Vehicles head east and west on the Ohio Turnpike near Maumee. Gov. John Kasich wants to sell bonds backed by turnpike tolls to finance road projects across the state.
The Ohio Senate seems ready to join the House in approving Gov. John Kasich’s plan to borrow against Ohio Turnpike tolls to raise billions of dollars for road improvements across the state. But before the measure becomes law, it needs more explicit guarantees that the plan will neither shortchange northern Ohio — including the Toledo area — nor permit excessive toll increases.
Under the proposal, the state Turnpike Commission would sell $1.5 billion in bonds that would be repaid from future tolls. That would increase the turnpike’s total debt to more than $2 billion.
The Kasich administration expects federal and local aid to match the bond proceeds, yielding $3 billion for road and bridge repair and construction. The state projects a $1.6 billion shortfall in money to meet its most urgent road needs.
Some lawmakers and local officials, mostly Democrats, complain that Mr. Kasich has reneged on a promise to earmark 90 percent of the revenue from the bond sales for road projects in northern Ohio, where the turnpike runs. They say he also is backtracking on commitments to freeze turnpike tolls for 10 years on E-ZPass trips of 30 miles or less in passenger vehicles and to limit all other toll increases to the rate of inflation.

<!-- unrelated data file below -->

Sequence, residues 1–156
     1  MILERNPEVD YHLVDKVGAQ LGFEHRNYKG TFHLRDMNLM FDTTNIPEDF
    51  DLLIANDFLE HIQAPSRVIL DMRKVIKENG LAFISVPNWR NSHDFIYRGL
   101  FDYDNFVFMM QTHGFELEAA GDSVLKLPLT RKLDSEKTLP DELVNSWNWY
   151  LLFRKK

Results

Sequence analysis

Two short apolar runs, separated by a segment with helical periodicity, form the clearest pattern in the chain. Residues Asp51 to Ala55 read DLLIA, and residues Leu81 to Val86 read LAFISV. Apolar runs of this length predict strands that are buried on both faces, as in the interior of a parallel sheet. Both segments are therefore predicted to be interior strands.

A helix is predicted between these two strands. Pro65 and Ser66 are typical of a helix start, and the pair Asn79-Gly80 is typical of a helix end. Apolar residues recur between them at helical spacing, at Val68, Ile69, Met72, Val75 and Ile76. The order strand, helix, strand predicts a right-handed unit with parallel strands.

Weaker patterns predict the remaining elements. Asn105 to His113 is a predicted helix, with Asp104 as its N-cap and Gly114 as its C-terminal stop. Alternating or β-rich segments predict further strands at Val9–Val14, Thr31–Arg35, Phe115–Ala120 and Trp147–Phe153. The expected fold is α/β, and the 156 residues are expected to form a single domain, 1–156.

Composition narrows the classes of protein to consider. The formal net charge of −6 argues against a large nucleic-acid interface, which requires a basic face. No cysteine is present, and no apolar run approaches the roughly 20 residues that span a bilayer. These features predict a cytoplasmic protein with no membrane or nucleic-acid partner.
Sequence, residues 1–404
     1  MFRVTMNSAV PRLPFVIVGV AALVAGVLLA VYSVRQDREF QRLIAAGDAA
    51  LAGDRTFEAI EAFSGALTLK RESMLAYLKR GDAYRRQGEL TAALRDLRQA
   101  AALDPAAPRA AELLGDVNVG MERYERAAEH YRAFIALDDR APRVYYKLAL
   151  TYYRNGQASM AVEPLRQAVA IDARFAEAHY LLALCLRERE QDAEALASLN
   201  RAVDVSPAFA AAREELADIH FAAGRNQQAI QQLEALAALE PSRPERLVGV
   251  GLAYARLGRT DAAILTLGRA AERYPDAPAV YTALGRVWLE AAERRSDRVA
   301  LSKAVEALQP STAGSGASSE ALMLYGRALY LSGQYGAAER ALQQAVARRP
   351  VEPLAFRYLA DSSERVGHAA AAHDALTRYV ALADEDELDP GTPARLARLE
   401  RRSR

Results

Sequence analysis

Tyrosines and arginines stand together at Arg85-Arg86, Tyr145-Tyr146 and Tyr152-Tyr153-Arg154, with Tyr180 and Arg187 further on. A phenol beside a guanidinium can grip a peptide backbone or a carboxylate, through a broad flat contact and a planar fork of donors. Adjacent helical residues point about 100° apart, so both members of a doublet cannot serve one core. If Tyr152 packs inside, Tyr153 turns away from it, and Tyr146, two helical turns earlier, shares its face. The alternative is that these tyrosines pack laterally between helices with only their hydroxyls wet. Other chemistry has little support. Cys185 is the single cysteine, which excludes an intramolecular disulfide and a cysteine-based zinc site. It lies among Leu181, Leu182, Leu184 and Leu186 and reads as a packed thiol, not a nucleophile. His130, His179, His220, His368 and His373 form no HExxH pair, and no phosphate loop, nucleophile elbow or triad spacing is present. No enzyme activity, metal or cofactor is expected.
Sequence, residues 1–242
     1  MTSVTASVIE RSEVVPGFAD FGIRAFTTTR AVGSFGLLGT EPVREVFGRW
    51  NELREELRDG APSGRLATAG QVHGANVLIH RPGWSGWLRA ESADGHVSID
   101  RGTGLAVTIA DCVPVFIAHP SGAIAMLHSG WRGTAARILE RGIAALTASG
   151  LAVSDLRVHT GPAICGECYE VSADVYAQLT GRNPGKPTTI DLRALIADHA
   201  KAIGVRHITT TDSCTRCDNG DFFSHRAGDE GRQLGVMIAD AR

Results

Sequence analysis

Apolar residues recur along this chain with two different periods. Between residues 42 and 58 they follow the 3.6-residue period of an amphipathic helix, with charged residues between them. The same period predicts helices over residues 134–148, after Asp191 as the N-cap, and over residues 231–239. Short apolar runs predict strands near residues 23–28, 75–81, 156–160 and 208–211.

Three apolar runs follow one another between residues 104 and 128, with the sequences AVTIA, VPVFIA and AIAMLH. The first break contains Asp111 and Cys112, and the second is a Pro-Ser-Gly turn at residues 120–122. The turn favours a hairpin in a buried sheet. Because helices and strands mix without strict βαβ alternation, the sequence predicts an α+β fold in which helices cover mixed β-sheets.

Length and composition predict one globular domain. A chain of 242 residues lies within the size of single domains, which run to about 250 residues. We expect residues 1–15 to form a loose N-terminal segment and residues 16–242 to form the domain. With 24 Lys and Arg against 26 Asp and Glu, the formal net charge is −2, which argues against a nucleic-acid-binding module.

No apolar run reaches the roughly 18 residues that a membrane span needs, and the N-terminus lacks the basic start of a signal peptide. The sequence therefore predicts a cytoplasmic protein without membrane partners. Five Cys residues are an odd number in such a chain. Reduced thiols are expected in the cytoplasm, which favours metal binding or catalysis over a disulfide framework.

The critics’ assertion is somewhat overstated; from the time they introduced the plan, administration officials conceded that the 90-percent figure was a goal rather than a mandate. They now say that imposing too-tight limits on toll rates could make it harder to sell the bonds and would require higher interest rates.
But if such language is not to be written into the turnpike bill, the governor’s office and the Ohio Department of Transportation need to be much more forthcoming than they have been about how they will prioritize the projects the bond proceeds would pay for.
How binding is the definition of “northern Ohio” as anything north of U.S. 30? How will the bonding plan accommodate necessary turnpike maintenance?
And even if the 90-percent share is achieved, the administration needs to provide reasonable assurance that it will not divert fuel-tax revenue from northern Ohio in such a way that the bond money merely replaces road aid that the region otherwise would have gotten.
The House-passed bill includes language about spending bond money on road projects that have a “nexus” to the turnpike. That description is so vague as to be meaningless. Similarly, the House bill is essentially — and unacceptably — silent on future turnpike toll increases.
A prudent increase in Ohio’s fuel taxes remains a better, fairer way to raise money for road and bridge projects than Mr. Kasich’s turnpike scheme. But if the tax-averse governor and legislature balk at such a straightforward proposal, they at least should not run a shell game with the turnpike bond money.
Finding a new source of revenue to accelerate long-deferred road work throughout Ohio has obvious appeal to the governor and those lawmakers who face re-election next year. But given the importance of both the state’s and this region’s highway network to economic recovery and job growth, the governor’s plan can’t be allowed to proceed at the expense of the turnpike’s users or its home communities.